Friday, March 10, 2006

Howard Fineman: A Tale of Two Politicians

Howard Fineman has recent articles discussing the possible Presidential prospects of Rudy Guiliani and Hillary Clinton. He doesn't have any news to report in either case, but the articles make for an interesting contrast in how Fineman treats the two politicians. For one, it's the best of coverage; for the other, the worst of coverage. Can you guess which one is which?

First Guiliani. The article is called "Awaiting the Almighty: Rudy Giuliani may or may not run for president. But he's having a heavenly time thinking about it." While "lesser birds" will flock to the Southern Republican Leadership Conference, "America's mayor" flies "alluringly alone." He has "near-total name ID, a 9/11 hero's aura—and, most valuable in these post-Katrina days, a reputation for administrative competence." He's "macho" and has "a hide of titanium." He dazzles audiences "with his energy and his revival-style witness to his faith in Jesus." He's got "charisma."

By the way, the Guiliani article also contains the gem that Newt Gingrich is "rapidly re-emerging and always provocative."

Now Clinton. This time it's called "Hillary's Money Politics: The Clintons take a page from the Bush playbook, but what about Bill and those ports?" Getting into a Clinton fundraiser "is no easy trick." She chooses "to keep her toughly worded anti-Bush rhetoric (the kind that excites Democratic hearts and opens their wallets) safely behind the closed, hand-rubbed doors." Her political strategy is to intimidate the rest of the possible Democratic field by raising so much money that they'll give up before the race starts. "It's an ironic but exact copy of what Bush did in 2000." She's "on the way to becoming the leading female empire-builder in the history of American elections." And "not only is she asking big donors to support her—she is, at least implicitly, asking them NOT to give to anyone else." Hillary isn't "completely secretive" because she "now has an interest in leaking—on her own terms, of course—the names of big shots . . ." Her "obsessive money focus" creates the "risk" that she will become "blind to the politics of an issue." Also it "can create conflicts—or at least the appearance of conflict—between candidate and spouse," for instance when Bill praised the "Dubai guys" and collected $600K in speaking fees from them while Hillary was denouncing the Dubai ports deal. Finally, it's lucky for Hillary that foreign citizens aren't allowed to give campaign contributions, because, says Fineman "the rules had allowed it, I'm sure they would have been asked—and Hillary would have had even more explaining to do."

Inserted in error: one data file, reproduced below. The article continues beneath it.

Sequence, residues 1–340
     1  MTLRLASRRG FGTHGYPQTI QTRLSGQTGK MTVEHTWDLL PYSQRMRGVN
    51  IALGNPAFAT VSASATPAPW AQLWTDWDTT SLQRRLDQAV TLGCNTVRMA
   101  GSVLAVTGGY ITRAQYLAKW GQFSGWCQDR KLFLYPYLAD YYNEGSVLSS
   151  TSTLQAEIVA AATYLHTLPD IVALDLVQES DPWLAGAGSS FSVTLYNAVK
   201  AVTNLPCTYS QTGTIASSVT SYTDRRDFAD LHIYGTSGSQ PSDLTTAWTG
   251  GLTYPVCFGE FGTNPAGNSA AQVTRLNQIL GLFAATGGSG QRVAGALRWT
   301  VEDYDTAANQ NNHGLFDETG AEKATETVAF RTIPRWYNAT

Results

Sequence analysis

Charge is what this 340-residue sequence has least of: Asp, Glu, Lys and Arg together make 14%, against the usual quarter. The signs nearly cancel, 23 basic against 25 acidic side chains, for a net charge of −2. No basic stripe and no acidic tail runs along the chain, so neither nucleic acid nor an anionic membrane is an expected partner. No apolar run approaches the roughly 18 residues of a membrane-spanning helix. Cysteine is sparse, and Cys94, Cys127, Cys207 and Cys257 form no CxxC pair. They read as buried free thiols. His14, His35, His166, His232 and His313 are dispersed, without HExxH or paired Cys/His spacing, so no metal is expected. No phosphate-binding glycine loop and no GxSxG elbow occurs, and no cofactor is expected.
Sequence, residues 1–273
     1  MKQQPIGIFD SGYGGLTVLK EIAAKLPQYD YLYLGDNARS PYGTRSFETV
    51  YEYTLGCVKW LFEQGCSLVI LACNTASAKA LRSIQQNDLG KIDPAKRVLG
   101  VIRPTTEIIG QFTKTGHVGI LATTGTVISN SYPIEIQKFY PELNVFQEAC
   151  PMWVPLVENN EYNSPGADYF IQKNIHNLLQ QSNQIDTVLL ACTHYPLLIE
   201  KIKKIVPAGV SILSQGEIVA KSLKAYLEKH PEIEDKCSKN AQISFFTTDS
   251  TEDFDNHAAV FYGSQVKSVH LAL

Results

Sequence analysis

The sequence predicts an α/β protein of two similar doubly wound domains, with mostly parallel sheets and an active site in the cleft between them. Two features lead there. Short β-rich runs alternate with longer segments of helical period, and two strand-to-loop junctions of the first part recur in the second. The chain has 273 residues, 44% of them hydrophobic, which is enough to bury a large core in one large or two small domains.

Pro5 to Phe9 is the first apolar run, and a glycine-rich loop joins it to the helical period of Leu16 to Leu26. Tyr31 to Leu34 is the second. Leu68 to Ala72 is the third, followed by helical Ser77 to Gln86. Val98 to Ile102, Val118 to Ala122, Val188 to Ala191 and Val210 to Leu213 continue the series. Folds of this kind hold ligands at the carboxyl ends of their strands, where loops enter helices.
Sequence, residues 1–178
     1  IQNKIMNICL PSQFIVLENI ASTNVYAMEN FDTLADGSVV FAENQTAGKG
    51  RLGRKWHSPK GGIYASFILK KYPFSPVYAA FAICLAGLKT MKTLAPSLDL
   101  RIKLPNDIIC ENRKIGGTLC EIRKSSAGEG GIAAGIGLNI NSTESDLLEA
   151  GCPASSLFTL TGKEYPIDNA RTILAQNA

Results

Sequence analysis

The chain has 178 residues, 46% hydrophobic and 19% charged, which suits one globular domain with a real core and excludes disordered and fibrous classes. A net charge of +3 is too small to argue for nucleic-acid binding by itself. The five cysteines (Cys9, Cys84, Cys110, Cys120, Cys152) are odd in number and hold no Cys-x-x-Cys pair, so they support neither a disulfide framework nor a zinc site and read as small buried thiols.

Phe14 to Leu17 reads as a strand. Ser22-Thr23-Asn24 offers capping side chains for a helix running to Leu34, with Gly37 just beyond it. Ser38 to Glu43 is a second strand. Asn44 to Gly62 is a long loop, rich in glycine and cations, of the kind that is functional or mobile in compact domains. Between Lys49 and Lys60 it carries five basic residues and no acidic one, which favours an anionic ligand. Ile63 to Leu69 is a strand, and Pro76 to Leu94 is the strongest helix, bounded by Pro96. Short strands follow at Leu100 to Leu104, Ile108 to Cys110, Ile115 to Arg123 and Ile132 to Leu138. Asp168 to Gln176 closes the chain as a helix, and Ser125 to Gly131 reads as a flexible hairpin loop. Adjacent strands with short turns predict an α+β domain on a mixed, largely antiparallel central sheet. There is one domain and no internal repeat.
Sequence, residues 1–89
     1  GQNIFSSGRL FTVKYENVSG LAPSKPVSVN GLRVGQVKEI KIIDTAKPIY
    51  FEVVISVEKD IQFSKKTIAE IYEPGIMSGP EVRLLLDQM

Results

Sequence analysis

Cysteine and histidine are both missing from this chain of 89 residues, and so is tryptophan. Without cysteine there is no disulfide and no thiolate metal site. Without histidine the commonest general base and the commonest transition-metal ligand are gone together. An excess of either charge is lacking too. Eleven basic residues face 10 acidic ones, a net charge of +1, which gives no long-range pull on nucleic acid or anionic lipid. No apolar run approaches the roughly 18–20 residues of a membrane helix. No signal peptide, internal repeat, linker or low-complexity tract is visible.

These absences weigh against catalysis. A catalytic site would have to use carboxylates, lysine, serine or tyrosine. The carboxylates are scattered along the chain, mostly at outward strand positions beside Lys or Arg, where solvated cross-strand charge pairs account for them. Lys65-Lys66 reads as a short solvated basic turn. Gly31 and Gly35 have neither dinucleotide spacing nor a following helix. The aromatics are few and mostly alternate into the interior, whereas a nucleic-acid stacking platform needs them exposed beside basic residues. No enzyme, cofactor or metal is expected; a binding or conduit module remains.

Nowhere in his article does Fineman ever explain how Clinton is "implicitly" asking donor not to give to other candidates. Perhaps its just obvious that any politician would prefer that potential opponents not receive financial backing. Can Fineman explain how this is more true of Hillary than anyone else? Nor does Fineman explain how he's sure that Hillary would have gone begging to Dubai, or whether he thinks that other politicians, like say George Bush or John McCain might also have some explaining to do in this hypothetical situation. Most importantly, he doesn't explain why he chooses to end his articles about some politicians but not others with a zinger based on a hypothetical possibility. He doesn't explain whether Guiliani might occasionally have a meeting behind "closed, hand-rubbed doors," and if so, why he chooses to use this snarky language only in Clinton's case.

If this is a harbinger of the kind of coverage Clinton can expect during the 2008 election, the Democrats might as well run Al Gore.
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